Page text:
Reduce Hospital Readmission Rates Charlotte NC: How Talk To Your Doctor About Symptoms and Conditions
Traditionally it hasn’t always been easy talking with your doctor. For your loved one, this could be even more difficult as they grew up in an age where the doctor took the lead, you listened and then you went home and tried to follow his instructions to the best of your ability. This has changed dramatically over the years. People have more information available to them and are more willing to ask questions about their condition.
Your elderly loved one’s health can be a source of stress to you as the family caregiver. It’s a good idea to get as organized as you can in this area so you can have more peace of mind. It’s quite common for a senor to come home from a doctor’s appointment and not understand or even remember what the doctor said.
In order to get around this problem, make sure you have a good relationship with your loved one’s doctor. Perhaps you may even want to accompany them on their doctor’s appointments so you can write down what they say and ask the questions your loved one is too timid to ask.
Here are some things you can do before your senior goes to see the doctor:
- Write down a list of their symptoms. It’s easy to forget something once you get into the office. Some symptoms are not obvious to the doctor.
- Be as detailed as you can; write down what the symptom is, what time of day it occurs, what day it started, how frequently it happens and anything that may trigger it. Also include what your senior has tried to alleviate it.
- List all prescription medications. If it’s easier, bring a bag with each bottle of pills she takes
- Include a list of all over the counter medications she might be taking including herbals and vitamins, laxatives and eye drops if applicable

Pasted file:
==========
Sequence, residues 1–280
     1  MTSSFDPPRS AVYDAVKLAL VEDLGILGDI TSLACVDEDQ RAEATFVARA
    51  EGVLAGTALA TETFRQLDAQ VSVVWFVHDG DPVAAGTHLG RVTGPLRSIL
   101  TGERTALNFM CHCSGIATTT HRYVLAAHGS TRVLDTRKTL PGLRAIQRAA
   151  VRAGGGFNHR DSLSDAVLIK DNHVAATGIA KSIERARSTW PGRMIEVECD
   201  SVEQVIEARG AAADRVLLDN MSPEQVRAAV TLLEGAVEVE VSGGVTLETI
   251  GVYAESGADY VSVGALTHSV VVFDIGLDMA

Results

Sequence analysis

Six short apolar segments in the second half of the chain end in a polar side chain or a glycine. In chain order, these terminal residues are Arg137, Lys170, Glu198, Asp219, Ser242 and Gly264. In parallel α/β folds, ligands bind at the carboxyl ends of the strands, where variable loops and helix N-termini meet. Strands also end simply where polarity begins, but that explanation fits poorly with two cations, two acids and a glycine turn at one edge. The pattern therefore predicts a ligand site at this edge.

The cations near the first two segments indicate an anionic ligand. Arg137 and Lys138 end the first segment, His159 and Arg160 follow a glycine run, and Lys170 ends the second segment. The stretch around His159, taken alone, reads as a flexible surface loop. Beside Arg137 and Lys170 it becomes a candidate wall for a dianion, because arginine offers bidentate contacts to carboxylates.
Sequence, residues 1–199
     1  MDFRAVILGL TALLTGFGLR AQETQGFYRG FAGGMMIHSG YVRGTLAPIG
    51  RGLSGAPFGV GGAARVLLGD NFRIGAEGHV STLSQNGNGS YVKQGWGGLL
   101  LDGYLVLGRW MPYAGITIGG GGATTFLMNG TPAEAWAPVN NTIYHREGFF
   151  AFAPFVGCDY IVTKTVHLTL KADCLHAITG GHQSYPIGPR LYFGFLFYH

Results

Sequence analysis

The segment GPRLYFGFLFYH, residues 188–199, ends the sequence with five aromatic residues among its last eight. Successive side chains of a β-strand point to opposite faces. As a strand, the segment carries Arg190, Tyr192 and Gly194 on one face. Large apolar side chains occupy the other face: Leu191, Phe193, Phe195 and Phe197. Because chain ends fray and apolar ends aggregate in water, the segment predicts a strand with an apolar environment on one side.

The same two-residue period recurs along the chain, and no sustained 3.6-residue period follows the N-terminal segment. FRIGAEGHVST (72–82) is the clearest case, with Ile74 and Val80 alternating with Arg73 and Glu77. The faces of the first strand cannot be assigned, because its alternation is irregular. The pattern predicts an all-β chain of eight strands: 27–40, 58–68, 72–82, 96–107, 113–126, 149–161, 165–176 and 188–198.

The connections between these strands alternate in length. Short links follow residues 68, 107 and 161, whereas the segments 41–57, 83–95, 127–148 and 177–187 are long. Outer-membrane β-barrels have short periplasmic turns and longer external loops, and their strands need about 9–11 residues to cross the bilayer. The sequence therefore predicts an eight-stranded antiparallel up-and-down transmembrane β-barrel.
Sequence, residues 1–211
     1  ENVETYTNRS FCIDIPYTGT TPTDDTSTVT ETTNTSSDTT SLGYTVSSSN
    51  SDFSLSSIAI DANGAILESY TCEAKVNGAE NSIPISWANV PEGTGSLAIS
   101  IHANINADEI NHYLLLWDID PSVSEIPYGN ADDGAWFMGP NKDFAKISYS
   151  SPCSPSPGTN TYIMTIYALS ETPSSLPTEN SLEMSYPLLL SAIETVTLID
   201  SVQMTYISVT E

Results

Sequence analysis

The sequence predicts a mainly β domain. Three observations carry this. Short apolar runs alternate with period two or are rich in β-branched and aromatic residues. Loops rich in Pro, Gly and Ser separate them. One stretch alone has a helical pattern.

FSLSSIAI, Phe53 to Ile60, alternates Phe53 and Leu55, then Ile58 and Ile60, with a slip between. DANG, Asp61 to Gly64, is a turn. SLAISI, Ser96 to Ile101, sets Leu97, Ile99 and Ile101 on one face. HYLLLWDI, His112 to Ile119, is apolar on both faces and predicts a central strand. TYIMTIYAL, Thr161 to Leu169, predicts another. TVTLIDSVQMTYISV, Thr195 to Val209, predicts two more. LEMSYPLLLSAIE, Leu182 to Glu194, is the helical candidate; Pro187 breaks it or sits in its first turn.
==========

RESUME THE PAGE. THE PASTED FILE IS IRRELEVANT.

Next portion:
- In case it turns out to be medication interactions that are causing the problem, the doctor will also need to know the dosages and how frequently the medications are being taken.
- Write down any significant life changes or everyday habits. Has your senior lost a loved one lately? Are they getting enough sleep? How much alcohol are they drinking? There are many things that could be affecting their health status.
- Bring insurance cards, and if there are any other doctors your senior sees, bring their names and phone numbers. It’s also a good idea to indicate which pharmacy you use and their phone number.
Staying on top of health issues by getting symptoms checked out as soon as possible can save a lot more stress later. It’s also a good way to help your senior stay healthier and help reduce the risk of a trip to the hospital.
Knowing in her heart that families deserved better, she started Caring At Heart in 2008 with two key goals in mind: To provide clients and their families with an experience that was personable, easy, and reassuring and to create a working environment that employees were excited and proud to be a part of.